incurred for supplying one on the intermittent system, with its stagnancy and 
pollutions in house cisterns and large storage reservoirs. It remains for the 
legislature and local administrations to make prevalent that which is proved 
to be practicable for the public good, and to ensure that good at the econo- 
mical rate at which particular instances afford demonstrations that it is 
achievable. 

Agriculture has of late years made unusual progress in this country, and 
much of that progress is due to the application of scientific principles ; chiefly 
of those supplied by chemistry, in a less degree of zoology and physiology : 
some minor help in regard to the more effectual abatement of noxious insects 
has been had from entomology ; recent discoveries of the metamorphoses, 
metagenesis, and the course and modes of transmission of internal parasites, 
have afforded a rational explanation of some traditional precautionary rules 
of herdsmen, in reference to the ' rot ' in sheep, from fluke-worms and hydatids ; 
and more direct power of preventing epizootics will doubtless be obtained 
from entozoology. 

Geology now teaches the precise nature and relations of soils, a knowledge 
of great practical importance in guiding the drainer of land in the modifi- 



civ REPORT — 1858. 

cations of his general rules of practice. Palaeontology has brought to light 
unexpected sources of valuable manures, in phosphatic relics of ancient animal 
life, accumulated in astounding masses in certain localities of England, as, 
for instance, in the red-crag of Suffolk, and the greensands of Cambridge. 

But enormous quantities of azotic, ammoniacal, and phosphatic matters 
are still suffered to run to waste ; and, as if to bring the wastefulness more 
home to conviction, these products, so valuable when rightly administered, 
become a source of annoyance, unremunerative outlay, and disease, when, as 
at present in most towns, imperfectly and irrationally disposed of. 

For the most part, thought is taken only how to get rid of these pro- 
ducts in the easiest and quickest way. The metropolitan authorities have 
hitherto carried the chain of reasoning no further. They have turned them 
into the Thames, the receptacle nearest at hand ; but in so doing have failed 
in their prime intention. The metropolis is not even rid of its excreta ; but 
they have returned upon it and accumulated, with increased noxious and 
morbific power, on the strands of the valley that bisects it ; appealing, as is 
notorious, summer after summer, to the very legislature itself, with uninter- 
mitting and importunate odours, compelling the attention of the possessors 
of lands and houses to this important subject. 

Now here I would beg leave to remark that, in the operations of Nature, 
there is generally a succession of processes coordinated for a given result : 
a peach is not directly developed as such from its elements ; the seed would, 
a priori, give no idea of the tree, nor the tree of the flower, nor the fertilized 
germ of that flower of the pulpy fruit in which the seed is buried. It is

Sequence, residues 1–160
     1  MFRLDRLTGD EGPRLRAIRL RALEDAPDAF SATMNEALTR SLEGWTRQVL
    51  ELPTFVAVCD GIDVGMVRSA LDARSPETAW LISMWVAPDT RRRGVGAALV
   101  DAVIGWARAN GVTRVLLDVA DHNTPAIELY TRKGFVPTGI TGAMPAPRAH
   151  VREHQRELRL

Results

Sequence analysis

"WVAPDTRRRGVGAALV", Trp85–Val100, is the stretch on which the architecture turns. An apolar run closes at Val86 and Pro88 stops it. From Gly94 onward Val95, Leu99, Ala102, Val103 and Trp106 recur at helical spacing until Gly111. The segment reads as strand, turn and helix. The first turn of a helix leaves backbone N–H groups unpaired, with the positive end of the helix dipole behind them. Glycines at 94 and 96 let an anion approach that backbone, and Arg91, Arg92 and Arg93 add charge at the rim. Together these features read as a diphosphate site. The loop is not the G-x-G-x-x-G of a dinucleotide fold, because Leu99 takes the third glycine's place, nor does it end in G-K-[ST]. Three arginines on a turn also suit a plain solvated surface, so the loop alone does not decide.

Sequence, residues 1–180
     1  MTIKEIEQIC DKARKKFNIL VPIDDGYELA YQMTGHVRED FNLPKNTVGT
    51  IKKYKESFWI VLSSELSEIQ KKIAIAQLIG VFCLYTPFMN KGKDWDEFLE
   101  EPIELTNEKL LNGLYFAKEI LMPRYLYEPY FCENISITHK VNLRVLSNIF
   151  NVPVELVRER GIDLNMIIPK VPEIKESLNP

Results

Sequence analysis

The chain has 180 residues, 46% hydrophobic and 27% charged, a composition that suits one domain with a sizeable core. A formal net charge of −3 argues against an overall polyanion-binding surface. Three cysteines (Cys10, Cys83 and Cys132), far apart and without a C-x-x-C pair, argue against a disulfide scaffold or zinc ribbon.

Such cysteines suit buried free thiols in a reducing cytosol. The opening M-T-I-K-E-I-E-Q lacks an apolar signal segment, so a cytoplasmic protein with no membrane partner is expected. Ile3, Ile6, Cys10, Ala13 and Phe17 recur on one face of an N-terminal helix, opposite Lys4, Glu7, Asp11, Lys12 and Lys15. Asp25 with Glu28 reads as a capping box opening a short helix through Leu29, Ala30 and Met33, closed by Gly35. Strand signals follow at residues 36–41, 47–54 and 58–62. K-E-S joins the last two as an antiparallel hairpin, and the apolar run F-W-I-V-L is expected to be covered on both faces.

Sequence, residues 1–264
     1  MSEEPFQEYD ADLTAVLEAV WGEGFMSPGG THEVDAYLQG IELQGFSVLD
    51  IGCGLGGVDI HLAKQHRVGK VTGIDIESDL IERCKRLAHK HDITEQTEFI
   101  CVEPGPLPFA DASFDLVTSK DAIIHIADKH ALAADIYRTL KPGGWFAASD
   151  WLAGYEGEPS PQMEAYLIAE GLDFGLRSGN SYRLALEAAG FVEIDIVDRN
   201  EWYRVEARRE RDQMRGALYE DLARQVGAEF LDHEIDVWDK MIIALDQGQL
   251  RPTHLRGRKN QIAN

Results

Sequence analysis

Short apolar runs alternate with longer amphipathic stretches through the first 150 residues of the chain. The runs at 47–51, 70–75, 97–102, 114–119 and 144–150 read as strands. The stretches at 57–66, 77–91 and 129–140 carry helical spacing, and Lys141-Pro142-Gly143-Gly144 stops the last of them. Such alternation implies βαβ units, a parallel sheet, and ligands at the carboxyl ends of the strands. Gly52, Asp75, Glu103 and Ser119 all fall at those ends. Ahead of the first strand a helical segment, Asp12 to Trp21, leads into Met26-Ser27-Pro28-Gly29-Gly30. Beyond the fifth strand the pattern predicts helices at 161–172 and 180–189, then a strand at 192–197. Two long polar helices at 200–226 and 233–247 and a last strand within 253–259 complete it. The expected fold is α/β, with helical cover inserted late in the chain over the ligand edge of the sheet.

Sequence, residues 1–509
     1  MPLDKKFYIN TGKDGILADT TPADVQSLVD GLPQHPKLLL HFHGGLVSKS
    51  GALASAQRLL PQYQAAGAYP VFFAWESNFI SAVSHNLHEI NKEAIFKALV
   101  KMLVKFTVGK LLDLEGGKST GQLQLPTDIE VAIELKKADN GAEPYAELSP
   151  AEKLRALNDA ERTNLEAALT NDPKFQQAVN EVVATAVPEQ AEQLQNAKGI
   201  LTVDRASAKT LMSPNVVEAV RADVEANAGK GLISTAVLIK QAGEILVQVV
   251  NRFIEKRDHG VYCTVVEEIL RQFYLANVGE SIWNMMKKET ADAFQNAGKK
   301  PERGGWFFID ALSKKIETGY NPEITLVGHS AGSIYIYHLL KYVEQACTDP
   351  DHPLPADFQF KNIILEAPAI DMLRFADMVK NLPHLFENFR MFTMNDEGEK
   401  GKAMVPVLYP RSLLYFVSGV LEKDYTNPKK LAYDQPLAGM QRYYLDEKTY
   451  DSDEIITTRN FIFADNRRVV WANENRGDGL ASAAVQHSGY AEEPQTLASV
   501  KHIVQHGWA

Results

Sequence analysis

eminently characteristic of the Creative Wisdom, this far-seeing and prevision 
of an ultimate result, through the successive operations of a coordinate series 
of seemingly very different conditions. 

The further a man discerns, in a series of conditions, their cordinatlon to 
produce a given result, the nearer does his wisdom approach — though the 
distance be still immeasurable — to the Divine wisdom. 

One philanthropist builds a fever-hospital, another drains a town. One 
crime-preventer hangs the man, another trains the boy. One financier 
would raise money by augmenting a duty, or by a direct tax, and finds the re- 
venue not increased in the expected ratio. Another diminishes a tax, or abo- 
lishes a duty, and through foreseen consequences the revenue is improved. 

Quarantine exemplifies only the first step in the progress of thought, bearing 
on the prevention of a dreaded distemper. It is a system which might keep 
out contraband goods or uncertified strangers, but it is powerless against 
the gaseous factors of plague, cholera, or yellow fever. No European 
country suffers more from such maladies 'than Naples or Portugal, where 
quarantine regulations are most stringent. 

Agriculture, let me repeat, has made and is making great and encouraging 
progress. But much yet remains to be done. Were agriculture adequately 
advanced, the great problem of the London sewage would be speedily solved. 



I 



ADDRESS. CV 

Can it be supposed, if the rural districts about the metropolis were in a con- 
dition to avail themselves of a daily supply of pipe-water not more than 
equivalent to that which a heavy shower of rain throws down on 2000 acres 
of land, but a supply charged with 30 tons of nitrogenous ammoniacal prin- 
ciples, that such supply would not be forthcoming, and made capable of 
being distributed when called for within a radius of 100 miles? I believe 
that, were the call made as loudly as it undoubtedly would be under the 
exigencies of a more advanced stage of agricultural mechanics, the skill of 
our engineers, with the constructive powers of our machine-makers, both